The Case of the Erased Bike Lane

This article by Scott Schaffer originally appeared on the StreetsMN blog.


The streets will speak to us, if we stop and listen.

For example, Bill looked at the snowbanks that accumulate in our streets, and came up with some lessons we can learn from them. These seasonal curb extensions are called “sneckdowns” by street scholars, and they cover the parts of our streets that cars don’t use in the winter. The idea is that if we replicated them with concrete, we would have calmer, more pedestrian-friendly streets that would still be navigable for motorists.Of course, winter isn’t the only time we can find evidence of traffic patterns by looking at the street. Behold the erased bike lane:

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That last photo is right outside the Minneapolis Bicycle Coalition’s office, poignantly enough. These bike lanes have been erased by cars driving over them. The paint has been worn away.

It’s not just the bare pavement that’s the problem. It’s the etiology of the faded paint that destroys the bike lane. (Etiology means the study of causes. Where there’s smoke, there’s fire, essentially.) A bike facility with faded paint can still function. The paint has faded on park trails and the Midtown Greenway, but these bike facilities still work great. What I’m talking about it when the paint is worn away by a torrent of car tires, which not only removes the paint, but more importantly it weakens the belief that the pavement is dedicated to bicyclists. The street is saying, “Cars drive here. This is not a dedicated space for bikes. Ceci n’est pas une bike lane.

A bike lane isn’t just a physical thing — it’s a social construct. Like money, it only matters because we all act like it does. Bike lanes serve their purpose if and only if street-users agree that these striped strips of pavement are dedicated for people on bicycles. Not for parking, not for snow storage, not for walking, not for corner-cutting cars, but for bikes. The fading of the paint, and the cause of the fading, erodes this foundation. It erases confidence in the bike lane, not just the paint.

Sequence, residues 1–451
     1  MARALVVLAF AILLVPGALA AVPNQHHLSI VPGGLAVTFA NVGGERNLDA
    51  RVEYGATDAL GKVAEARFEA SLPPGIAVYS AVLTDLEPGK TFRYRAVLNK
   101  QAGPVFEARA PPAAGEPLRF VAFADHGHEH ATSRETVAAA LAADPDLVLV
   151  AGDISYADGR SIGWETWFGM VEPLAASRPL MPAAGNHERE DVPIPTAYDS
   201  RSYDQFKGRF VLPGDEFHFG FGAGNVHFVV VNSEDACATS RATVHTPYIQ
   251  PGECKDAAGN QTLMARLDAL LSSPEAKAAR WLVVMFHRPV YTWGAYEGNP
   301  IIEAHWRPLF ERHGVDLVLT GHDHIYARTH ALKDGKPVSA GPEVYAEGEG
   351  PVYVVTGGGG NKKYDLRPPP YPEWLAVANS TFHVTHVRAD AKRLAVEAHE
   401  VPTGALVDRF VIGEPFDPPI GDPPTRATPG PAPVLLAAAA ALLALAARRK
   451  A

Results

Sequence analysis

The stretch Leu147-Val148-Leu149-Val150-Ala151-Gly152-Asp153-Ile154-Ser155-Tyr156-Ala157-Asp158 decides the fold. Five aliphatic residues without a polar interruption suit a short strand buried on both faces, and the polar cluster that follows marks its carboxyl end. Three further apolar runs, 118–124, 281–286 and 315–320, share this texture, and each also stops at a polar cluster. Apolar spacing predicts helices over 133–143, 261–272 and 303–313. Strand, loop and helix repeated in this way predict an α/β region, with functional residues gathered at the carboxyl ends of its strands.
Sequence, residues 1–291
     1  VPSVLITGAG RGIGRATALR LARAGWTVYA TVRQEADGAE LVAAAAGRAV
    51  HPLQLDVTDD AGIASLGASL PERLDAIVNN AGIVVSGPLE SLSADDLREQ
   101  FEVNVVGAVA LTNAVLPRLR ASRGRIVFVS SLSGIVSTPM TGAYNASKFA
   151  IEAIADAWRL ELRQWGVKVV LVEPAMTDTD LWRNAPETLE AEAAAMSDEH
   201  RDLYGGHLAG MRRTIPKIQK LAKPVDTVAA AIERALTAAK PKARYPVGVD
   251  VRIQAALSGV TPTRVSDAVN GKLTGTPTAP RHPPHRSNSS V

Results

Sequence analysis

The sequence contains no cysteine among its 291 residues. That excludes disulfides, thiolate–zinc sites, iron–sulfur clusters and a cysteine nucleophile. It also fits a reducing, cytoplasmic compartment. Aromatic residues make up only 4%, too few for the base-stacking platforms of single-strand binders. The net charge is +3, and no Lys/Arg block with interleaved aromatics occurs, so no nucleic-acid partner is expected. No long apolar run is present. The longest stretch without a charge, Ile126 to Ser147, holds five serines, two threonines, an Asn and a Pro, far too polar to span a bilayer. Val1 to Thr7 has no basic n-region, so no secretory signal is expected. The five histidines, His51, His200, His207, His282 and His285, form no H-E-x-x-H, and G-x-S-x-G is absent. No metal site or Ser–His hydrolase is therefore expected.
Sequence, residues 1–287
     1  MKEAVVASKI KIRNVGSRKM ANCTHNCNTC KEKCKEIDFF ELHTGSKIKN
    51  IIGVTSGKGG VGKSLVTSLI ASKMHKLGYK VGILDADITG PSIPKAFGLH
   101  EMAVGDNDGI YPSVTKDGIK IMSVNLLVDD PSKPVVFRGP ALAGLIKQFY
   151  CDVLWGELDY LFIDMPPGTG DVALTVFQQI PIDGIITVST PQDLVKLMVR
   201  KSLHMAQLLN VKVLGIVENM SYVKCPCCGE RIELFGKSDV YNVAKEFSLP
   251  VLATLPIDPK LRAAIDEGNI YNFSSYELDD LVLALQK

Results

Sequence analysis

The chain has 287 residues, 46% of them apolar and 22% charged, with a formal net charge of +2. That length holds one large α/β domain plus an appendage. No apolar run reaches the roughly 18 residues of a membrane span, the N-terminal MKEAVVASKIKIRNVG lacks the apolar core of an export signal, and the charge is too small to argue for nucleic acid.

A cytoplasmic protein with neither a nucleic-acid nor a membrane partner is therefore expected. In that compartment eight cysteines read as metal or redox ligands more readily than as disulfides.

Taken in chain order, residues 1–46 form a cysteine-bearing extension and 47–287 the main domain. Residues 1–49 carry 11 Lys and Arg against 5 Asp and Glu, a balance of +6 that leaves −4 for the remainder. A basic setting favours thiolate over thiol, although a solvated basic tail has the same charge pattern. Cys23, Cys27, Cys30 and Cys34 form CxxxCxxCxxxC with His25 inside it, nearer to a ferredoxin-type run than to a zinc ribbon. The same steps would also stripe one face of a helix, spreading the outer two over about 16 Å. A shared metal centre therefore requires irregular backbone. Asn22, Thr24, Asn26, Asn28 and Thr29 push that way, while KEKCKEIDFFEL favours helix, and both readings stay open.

So what can we do to protect the function of bike lanes, when they’re erased by motorists? Simply replacing the paint won’t replenish the confidence. We could curb bike-lane driving with curbs. Drivers respect concrete curbs more than they respect painted lines. I’ve seen people drive their cars on sidewalks before, but it’s a rare enough occurrence that it doesn’t pose a real threat.

I’m looking forward to the protected bike lanes that are scheduled to be built on Washington Avenue in the next year or two. I got into a Twitter tiff with an unsuccessful mayor candidate last year about the reconstruction, and he asked why the bike lanes on Second or Third avenues weren’t sufficient. I replied by saying something about access, and that there are a lot more destinations on Washington than there are on Second or Third. What I didn’t mention is that the Second Avenue bike lanes are often occupied by commercial trucks and people parallel or double-parking. These things don’t happen on well-designed protected bike lanes.

If you agree that we need better bikeways, check out Bikeways for Everyone, which is a campaign working to build a network of protected bikeways in Minneapolis. It’s a broad coalition of public health advocates, social justice activists, environmentalists, local businesses, neighborhood associations, and even a car-sharing company. There are many different ways to support the campaign. I wrote more about the benefits of protected bike lanes last fall. Let’s stop the erasure of bike lanes by making them permanent and protected.

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